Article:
Volume 18 Number 24: Haberlin, S. (2017). Using arts-based research to explore peak experiences in five gifted children.

During this inquiry, I describe my journey as a beginning arts-based researcher, using this methodological approach to explore the “peak experiences” of five, second-grade gifted students in a general classroom. Concerned with collecting valid data from young children through traditional interviewing techniques, I turned to Arts-Based Educational Research (ABER) and had the students create self-portraits with captions to illustrate peak experience. After converting the visual data into language and serving as a bricoleur, I engaged in thematic coding (Braun & Clarke, 2006). The following themes emerged: students perceived the teacher having a direct impact on their peak experiences; students experienced peak experiences when being praised or recognized; students experienced peak states when engaging in intellectually challenging curriculum as well as creative activities such as drawing. I discuss the importance of training for those working with gifted students, and based on Foucault’s (1980) ideas on power, address the notion the classroom teacher might possess much power over the conditions that contribute to the students’ peak experiences. Finally, I note the potential of considering arts-based educational research to inform the field of gifted education.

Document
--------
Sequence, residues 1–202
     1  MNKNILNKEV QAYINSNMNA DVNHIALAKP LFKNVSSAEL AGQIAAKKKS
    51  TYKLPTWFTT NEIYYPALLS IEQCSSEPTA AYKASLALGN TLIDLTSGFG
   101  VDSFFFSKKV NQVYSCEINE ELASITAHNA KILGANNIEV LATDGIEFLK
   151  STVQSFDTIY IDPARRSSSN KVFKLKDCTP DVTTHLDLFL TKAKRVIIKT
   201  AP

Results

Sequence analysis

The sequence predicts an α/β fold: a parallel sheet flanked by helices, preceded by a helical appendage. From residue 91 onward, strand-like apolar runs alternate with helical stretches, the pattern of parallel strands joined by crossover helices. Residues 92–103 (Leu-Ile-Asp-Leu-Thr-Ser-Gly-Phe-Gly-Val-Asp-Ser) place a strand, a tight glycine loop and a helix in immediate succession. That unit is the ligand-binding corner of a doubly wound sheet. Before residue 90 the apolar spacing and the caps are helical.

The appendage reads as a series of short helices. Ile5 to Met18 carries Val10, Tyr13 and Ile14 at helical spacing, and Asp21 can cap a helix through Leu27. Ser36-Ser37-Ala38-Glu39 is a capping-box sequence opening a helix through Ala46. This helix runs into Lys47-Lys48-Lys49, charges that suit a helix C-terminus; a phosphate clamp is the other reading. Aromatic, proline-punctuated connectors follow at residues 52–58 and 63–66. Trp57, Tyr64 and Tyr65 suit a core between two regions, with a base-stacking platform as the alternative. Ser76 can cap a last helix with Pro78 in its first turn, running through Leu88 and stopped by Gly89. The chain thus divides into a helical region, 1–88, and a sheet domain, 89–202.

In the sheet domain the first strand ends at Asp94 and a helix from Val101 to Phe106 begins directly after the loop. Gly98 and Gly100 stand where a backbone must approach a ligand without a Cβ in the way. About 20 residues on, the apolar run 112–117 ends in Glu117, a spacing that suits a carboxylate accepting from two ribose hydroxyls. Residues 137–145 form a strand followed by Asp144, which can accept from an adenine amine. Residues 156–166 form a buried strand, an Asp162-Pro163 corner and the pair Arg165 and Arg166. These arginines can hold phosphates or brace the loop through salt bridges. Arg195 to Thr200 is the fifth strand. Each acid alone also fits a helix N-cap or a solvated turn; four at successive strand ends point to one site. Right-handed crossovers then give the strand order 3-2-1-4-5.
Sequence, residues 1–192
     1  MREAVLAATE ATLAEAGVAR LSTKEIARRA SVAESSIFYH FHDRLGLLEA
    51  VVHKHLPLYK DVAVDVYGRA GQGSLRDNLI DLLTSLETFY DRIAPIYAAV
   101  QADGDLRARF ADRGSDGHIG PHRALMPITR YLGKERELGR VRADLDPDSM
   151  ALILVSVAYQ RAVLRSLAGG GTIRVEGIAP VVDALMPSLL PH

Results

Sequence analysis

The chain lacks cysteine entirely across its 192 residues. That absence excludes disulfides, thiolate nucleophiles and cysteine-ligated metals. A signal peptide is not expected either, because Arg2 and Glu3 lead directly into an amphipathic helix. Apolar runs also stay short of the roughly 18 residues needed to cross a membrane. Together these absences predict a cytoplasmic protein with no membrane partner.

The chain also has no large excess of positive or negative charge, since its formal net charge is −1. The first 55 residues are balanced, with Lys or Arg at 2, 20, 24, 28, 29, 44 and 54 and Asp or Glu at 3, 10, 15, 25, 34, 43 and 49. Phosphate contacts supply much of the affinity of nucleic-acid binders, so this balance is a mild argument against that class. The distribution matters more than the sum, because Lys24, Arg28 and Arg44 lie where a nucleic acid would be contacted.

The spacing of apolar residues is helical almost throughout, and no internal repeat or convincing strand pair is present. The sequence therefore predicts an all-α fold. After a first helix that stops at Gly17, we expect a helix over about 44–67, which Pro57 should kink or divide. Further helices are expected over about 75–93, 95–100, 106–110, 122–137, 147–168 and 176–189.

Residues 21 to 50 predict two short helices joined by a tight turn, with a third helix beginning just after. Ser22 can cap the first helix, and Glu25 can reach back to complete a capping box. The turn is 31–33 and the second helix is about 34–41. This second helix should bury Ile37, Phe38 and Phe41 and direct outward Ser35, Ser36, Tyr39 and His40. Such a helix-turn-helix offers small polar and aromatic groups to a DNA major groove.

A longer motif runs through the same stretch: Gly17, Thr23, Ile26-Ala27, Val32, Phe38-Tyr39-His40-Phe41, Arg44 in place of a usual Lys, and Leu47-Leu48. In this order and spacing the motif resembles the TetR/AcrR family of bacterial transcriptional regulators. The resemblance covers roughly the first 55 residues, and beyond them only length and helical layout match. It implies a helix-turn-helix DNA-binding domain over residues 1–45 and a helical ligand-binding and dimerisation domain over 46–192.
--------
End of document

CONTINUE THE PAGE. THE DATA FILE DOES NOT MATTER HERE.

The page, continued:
Volume 18 Number 25: Griffin, S. M., Rowsell, J., Winters, K-L., Vietgen, P., McLauchlan, D., & McQueen-Fuentes, G. (2017). A reason to respond: Finding agency through the arts.

The arts have long been known as a central medium for nurturing artistic expression and aesthetic responses. Notions of arts-based teaching are combined with concepts of literacy and composition, focusing on the fact that these separate fields have the potential for relational meaning making. In this article, three arts-based, qualitative research inquiries are featured within a larger, one-year Community Arts Zone (CAZ) research project involving eight projects across four international sites. Findings from the three inquiries in music, visual arts, and drama highlight that responsive meaning making foregrounds aesthetics to create agentive learning environments. By providing students agency in their artistic expressions, there is the hopeful prospect of working in and across various modes to cultivate meaningful learning experiences.

Volume 18 Number 26: Heaton, R., & Crumpler, A. (2017). Sharing mindfulness: A moral practice for artist teachers.